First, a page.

consists of five activities: modeling the business needs, deploying the models, monitoring

Chapter 8. On Demand Operating Environment: architectural elements 119


the business and IT operations in real-time from internal and external sources to
determine performance levels, analyzing various aspects of business performance
(answering what, why, and how), and taking action as needed to achieve performance
objectives.

Business Performance Management is a real-time, model-based discipline to proactively and


reactively optimize and adapt business operations and IT infrastructure based on dynamic
business performance targets.

It is supported by:
򐂰 A Business Activity Workplace
򐂰 Modeling, Monitoring, and Analysis Tools
򐂰 A Common Event Infrastructure
򐂰 An Event Correspondence Engine
򐂰 A Business Activity Warehouse

The BPM core capabilities can be grouped into three parts:


򐂰 Information Management (Analytics/Reporting and Information Integration)
򐂰 Business Service Management (IT and business alignment and Service Management,
Automated Orchestration)
򐂰 Process Management (Process Monitoring, Process Modeling and Process Execution)

The three facets of the On Demand Operating Environment (ESB, application services, and
infrastructure services) provide the capabilities required to enable business performance
management or management of business services to meet business goals such as the KPIs
identified in the analysis phase of business service implementation. Application services are
instrumented to produce business events that can be used to calculate KPIs and other
metrics relevant for the management of the underlying business service. In addition, business
service policies describe the expected behavior of a business service and eventually define
rules for dealing with situations where those expectations are not met. Some examples of
business events are business process completion, rollback, or manual intervention. A KPI
might be 95% of all purchase order processes successfully completing without manual
intervention.

8.6 Business process choreography services


Business process choreography services support the execution of other services that express
their behavior using process flow or rule technology. Process flows, for example, are used to
describe the interaction of other services (almost any of the integration kinds, including other
process flow services) to perform the tasks required to realize the functions offered by the
new (combined or aggregated) business service.

The services encode the rules for sequencing of operations provided by those services and
responsibilities of internal or external process participants for certain tasks of the underlying
process. Choreography services execute the service’s specification to fully automated, or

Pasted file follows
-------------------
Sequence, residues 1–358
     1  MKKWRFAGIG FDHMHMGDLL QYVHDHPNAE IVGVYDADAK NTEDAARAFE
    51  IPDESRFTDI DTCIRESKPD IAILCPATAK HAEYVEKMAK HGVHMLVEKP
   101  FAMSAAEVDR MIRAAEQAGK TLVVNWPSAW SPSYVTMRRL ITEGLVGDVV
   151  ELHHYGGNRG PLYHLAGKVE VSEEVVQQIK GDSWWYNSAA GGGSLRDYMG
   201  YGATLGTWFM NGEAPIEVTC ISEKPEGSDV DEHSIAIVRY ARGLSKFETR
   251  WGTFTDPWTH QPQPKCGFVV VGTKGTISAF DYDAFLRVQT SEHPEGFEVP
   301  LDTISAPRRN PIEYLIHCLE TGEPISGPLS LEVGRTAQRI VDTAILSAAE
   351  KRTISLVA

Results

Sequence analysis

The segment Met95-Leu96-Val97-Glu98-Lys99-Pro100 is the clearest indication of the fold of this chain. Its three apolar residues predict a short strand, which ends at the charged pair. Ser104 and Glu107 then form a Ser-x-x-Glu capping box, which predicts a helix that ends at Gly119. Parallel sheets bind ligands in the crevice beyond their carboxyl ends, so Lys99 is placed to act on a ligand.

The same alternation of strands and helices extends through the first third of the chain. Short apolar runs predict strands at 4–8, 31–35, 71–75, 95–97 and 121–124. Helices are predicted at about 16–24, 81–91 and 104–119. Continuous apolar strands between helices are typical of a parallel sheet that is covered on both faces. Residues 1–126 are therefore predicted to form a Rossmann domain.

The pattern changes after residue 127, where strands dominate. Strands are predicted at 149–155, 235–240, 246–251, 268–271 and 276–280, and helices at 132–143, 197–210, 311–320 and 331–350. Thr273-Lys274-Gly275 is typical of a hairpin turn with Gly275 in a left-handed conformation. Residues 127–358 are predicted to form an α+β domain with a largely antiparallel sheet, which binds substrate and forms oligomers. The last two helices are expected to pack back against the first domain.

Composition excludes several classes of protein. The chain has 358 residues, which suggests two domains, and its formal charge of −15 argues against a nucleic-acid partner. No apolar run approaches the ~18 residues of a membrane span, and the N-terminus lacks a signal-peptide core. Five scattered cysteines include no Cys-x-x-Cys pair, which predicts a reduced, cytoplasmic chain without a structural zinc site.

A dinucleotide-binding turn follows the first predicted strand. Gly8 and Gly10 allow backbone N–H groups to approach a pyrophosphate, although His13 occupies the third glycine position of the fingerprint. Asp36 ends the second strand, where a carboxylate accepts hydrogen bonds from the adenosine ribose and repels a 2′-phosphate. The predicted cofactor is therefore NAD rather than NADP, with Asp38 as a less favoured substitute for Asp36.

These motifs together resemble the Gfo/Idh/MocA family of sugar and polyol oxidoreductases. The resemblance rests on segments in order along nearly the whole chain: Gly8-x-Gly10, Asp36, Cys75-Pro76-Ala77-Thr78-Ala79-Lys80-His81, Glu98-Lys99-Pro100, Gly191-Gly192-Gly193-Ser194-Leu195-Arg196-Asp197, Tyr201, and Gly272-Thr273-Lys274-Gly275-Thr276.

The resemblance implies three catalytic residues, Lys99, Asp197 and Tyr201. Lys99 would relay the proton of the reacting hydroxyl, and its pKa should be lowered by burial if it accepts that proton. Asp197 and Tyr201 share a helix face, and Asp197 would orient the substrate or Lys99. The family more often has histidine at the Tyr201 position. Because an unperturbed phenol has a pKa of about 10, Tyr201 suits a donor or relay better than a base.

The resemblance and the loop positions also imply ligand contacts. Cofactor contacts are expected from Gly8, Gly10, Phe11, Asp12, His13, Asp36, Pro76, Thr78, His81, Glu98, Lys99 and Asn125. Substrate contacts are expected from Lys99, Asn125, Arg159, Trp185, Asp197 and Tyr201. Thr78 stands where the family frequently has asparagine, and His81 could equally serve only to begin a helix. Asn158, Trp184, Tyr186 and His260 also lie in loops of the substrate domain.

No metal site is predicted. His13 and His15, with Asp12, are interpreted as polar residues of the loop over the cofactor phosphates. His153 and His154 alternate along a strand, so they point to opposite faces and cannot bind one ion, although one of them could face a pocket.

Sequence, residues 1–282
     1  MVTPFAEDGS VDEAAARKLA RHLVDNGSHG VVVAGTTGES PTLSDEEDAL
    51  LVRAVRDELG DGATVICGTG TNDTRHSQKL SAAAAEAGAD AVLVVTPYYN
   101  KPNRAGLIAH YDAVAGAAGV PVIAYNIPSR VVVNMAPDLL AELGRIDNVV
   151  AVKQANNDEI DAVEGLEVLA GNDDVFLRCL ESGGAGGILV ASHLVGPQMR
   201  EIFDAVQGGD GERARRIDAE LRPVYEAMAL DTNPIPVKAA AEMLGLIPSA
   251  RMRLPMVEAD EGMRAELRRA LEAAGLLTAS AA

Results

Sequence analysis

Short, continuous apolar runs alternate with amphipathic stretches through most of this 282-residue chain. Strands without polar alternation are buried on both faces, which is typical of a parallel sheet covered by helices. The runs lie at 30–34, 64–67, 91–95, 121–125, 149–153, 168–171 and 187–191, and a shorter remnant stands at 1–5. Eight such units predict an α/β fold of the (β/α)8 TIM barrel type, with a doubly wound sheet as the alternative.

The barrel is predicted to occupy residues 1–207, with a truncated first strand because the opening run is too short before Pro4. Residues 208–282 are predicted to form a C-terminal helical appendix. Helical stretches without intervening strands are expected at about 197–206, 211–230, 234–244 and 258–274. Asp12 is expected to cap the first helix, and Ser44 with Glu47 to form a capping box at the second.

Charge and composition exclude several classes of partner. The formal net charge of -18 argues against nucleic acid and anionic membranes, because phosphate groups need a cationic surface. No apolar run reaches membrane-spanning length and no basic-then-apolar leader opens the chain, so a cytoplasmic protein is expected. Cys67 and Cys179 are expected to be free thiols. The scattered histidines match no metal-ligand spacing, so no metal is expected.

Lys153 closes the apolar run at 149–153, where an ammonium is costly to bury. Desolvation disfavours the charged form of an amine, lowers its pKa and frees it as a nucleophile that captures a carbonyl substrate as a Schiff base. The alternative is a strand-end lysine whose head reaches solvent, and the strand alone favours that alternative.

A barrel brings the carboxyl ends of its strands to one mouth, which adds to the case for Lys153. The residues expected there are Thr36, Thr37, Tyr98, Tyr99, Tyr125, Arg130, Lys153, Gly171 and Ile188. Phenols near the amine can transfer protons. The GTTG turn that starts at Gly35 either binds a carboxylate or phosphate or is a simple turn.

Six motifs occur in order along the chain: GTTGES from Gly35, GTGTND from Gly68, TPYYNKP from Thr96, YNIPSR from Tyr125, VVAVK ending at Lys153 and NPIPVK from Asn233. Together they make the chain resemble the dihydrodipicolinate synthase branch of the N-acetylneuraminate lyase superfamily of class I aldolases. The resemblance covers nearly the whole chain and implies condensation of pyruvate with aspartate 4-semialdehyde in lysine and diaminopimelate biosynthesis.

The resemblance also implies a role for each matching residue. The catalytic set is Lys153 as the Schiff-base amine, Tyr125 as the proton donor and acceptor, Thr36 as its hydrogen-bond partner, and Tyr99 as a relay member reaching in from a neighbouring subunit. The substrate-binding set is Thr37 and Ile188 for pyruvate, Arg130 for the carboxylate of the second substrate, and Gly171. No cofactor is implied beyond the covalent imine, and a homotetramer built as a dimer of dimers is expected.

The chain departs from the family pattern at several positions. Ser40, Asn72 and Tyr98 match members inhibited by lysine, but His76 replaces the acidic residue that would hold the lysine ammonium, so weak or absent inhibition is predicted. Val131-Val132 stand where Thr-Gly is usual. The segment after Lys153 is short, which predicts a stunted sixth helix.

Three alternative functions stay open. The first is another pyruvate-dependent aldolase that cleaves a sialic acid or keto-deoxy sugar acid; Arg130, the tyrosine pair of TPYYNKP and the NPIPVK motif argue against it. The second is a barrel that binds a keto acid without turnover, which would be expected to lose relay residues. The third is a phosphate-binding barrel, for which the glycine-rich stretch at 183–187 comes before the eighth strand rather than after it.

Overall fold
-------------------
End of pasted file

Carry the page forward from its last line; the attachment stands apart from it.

include interactive tasks that require interactions with users. Choreography and business
rules are two types of business process choreography services.

Choreography defines the flow of information exchanges among a set of internal or external
participants (user or business) to implement a business process that is composed of one or
more services. These services are typically Web services, but they can be generic services
as well. Orchestration is typically used in the context within an enterprise, while choreography

120 The Solution Designer’s Guide to IBM On Demand Business Solutions


is used in the context of a virtual enterprise. IBM believes these are equivalent terms given
the blurring of the boundaries of a business process.

Business rules encode decisions that are externalized from services such as process
choreography scripts. They establish the variable and conditional nature of a (process)
service by describing the decisions to be made and, eventually, the set of actions to be taken
in the case of a certain event occurring in the service or caused externally. Rule and policy
externalization is critical to the On Demand Operating Environment by enabling customization
of existing services to meet new business requirements, instead of forcing a new
implementation for each new service and solution.

8.7 Business services


Business services are the various externalized functional service offerings that have been
defined, configured, and deployed in the operating environment. A business service is the
touch point for the user or the external system, and is in reality the aggregated view of the
business process that is choreographed out of functional services. Business services are
identified and defined through mechanisms such as Component Business Modeling (CBM).

8.8 Common services


A common service is a functional or an infrastructural service that more than one service
uses. A common service can be acquired and used as is, customized after acquisition, or built
from the ground up. Examples of common services include acquired services,
personalization, and reporting.

Acquired services are provided by an entity external to the enterprise (typically hosted by that
entity as well) and are used by the enterprise in one or more business processes. These are
the “utility” services the external entity offers to the enterprise under consideration.

Personalization includes services that enable another service to tailor its output based on an
understanding of the user profile and preferences. Personalization is not the same as
customization, which is really a user-controlled action to modify the interaction to suit his or
her needs, as opposed to being done by the system itself.

Reporting covers the set of services that provide framework-type services for various
applications generating reports targeted at users of all kinds. These services support both
operational and analytical type reports.